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You probably won't be reading much about it, and don't look for the results to get a lot of airtime on CNN or MSNBC, but Colorado held a referendum on taxes on Tuesday. The tax increasers got blown away.

By a nearly 2 to 1 margin, voters rejected a $2.9 billion income and sales tax increase ostensibly earmarked for education. Proposition 103 would have raised the income tax rate to 5% from 4.63% and the sales tax to 3% from 2.9%.

Supporters claimed the tax would merely have been "temporary" and was needed to make up for recent cuts in state spending for K-12 and college education. Both are familiar ploys to sell tax hikes that fund higher spending and typically become permanent.

The education gambit was a sneaky attempt to undermine the state's landmark and popular Taxpayer Bill of Rights, which was approved by voters in the 1990s and has slowed the growth of government. Tabor, as it is known, caps the state budget to the growth of population and inflation each year while rebating revenues above that limit to taxpayers. The union scheme was to erode the spending caps by exempting education spending and earmarking new tax revenues to schools, which already command 40% of the state's general fund budget.

The Independence Institute, a free-market think tank, warned Coloradans that exempting education from the spending cap is what undermined California's Gann Amendment budget ceilings in the 1980s. California's spending and tax burden exploded in the aftermath, leading to its current fiscal and economic laments.

Colorado's antitax mood was equally clear at the local level. The Denver Post reports that "Aurora voters rejected a $114 million tax increase for recreation centers, Douglas County voters said 'no' to school tax increases, and CaƱon City voters rejected a tax for library improvements." The paper called the overall results "a killing field for tax measures."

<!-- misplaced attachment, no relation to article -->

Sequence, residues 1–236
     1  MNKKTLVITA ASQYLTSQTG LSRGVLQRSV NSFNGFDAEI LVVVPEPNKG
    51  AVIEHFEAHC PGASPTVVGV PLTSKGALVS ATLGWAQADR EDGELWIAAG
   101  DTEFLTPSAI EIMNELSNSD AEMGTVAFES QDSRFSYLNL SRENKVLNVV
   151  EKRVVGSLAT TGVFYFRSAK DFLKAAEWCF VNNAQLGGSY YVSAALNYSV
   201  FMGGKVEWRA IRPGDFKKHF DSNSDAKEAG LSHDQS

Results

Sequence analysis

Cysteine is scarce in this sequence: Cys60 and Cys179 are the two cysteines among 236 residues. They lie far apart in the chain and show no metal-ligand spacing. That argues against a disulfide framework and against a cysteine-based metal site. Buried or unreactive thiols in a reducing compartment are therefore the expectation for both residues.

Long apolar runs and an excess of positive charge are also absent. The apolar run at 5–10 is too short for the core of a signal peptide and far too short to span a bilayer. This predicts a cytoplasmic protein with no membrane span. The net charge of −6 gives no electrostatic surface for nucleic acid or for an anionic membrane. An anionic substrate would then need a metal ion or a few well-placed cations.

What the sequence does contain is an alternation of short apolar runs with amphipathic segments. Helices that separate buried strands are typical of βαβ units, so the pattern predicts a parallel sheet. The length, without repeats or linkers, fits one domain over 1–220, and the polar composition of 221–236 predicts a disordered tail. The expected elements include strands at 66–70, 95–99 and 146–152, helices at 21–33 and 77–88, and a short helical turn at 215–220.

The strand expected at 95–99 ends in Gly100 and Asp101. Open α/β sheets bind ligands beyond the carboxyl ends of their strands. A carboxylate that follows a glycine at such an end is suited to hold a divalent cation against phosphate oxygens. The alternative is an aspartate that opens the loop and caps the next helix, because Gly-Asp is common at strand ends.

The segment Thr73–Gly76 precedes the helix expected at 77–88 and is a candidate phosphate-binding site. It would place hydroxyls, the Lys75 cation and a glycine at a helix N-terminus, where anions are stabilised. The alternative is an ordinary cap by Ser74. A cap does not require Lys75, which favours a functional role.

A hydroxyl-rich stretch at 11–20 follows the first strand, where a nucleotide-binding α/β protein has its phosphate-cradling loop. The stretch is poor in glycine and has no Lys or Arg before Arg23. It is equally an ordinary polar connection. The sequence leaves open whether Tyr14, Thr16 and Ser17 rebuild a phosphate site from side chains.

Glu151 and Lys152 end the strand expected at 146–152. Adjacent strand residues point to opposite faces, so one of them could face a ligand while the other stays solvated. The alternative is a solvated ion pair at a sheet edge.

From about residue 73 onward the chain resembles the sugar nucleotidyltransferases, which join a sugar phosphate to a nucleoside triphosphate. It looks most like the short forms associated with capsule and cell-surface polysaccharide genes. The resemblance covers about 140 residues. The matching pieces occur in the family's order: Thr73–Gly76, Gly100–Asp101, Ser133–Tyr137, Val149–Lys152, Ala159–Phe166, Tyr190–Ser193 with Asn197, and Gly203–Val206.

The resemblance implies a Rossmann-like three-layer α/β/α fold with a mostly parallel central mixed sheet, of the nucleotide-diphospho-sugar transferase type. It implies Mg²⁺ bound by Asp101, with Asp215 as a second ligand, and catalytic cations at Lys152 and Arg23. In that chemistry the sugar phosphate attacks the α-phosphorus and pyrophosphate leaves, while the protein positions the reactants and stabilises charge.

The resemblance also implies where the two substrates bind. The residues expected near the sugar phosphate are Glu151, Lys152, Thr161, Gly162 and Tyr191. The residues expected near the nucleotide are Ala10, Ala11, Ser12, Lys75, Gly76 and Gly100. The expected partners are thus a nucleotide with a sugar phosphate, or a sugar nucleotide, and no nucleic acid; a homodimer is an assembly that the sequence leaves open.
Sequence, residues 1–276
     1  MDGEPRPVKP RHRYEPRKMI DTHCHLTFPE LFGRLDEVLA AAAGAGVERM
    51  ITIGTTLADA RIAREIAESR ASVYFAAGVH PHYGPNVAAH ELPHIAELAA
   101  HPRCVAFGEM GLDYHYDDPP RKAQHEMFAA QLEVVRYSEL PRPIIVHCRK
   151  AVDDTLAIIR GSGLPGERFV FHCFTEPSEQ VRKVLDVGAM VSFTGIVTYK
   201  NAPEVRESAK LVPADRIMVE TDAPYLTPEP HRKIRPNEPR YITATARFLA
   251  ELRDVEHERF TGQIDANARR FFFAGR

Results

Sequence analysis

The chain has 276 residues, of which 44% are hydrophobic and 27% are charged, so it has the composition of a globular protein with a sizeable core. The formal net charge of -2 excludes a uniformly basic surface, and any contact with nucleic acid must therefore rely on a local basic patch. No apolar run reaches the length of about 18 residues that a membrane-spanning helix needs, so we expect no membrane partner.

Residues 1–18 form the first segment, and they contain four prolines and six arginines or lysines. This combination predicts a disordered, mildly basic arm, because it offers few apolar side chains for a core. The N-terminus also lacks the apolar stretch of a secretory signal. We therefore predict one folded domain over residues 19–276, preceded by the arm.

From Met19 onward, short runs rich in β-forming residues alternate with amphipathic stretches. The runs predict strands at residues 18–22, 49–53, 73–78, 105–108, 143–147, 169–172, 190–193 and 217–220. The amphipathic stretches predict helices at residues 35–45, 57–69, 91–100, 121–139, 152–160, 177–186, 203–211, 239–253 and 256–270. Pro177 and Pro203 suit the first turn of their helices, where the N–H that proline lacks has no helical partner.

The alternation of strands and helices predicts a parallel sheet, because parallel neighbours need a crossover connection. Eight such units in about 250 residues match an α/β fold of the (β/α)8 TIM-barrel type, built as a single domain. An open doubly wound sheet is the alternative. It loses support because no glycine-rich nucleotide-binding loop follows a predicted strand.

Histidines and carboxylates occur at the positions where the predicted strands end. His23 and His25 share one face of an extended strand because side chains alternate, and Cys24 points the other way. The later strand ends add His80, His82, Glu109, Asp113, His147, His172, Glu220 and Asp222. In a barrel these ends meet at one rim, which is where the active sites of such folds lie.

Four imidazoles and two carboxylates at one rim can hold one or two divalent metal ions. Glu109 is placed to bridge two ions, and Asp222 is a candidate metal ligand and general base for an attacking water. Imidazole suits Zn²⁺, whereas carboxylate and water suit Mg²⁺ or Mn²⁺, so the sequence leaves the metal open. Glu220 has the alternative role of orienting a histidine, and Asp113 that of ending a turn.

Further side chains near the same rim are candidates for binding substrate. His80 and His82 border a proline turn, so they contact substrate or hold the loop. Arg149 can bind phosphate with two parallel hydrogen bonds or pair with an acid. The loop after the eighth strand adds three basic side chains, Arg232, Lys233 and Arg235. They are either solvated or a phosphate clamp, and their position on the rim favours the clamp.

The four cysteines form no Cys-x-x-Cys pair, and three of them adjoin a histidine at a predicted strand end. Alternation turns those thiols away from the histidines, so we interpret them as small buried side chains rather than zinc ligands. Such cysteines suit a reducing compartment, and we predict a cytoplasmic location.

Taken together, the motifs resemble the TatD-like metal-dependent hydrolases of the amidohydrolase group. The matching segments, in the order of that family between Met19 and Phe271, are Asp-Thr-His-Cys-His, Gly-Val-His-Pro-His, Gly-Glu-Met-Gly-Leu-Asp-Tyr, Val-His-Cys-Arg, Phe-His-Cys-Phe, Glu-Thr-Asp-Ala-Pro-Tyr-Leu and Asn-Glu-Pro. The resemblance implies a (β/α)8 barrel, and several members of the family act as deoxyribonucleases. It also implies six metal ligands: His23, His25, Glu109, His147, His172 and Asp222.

Even in the People's Republic of Boulder, voters only narrowly approved (with 50.27%, a margin of 141 votes) a $1.9 million tax to finance a new a municipal electric utility to replace the state's main electricity supplier Xcel Energy. Boulder residents will now have the pleasure of paying for their anticarbon indulgences.

Notably, too, voters in Denver elected two reformers to the school board, while suburban Douglas County elected a slate of pro-voucher candidates. Earlier this year Douglas County began a controversial voucher program that provides Choice Scholarships for low-income students and is now being challenged in court. The election results show that the voucher advocates have public support.

Oh, and one more burst of democratic common sense: Denver voters rejected, also by nearly 2 to 1, another union measure that would have mandated that all businesses pay sick leave for all workers. In 2008, Barack Obama carried Denver overwhelmingly and Colorado with 53.5% of the vote. Tuesday's results suggest that the 'Occupy Wall Street' mood that has so enthused Washington elites has yet to reach the Rockies.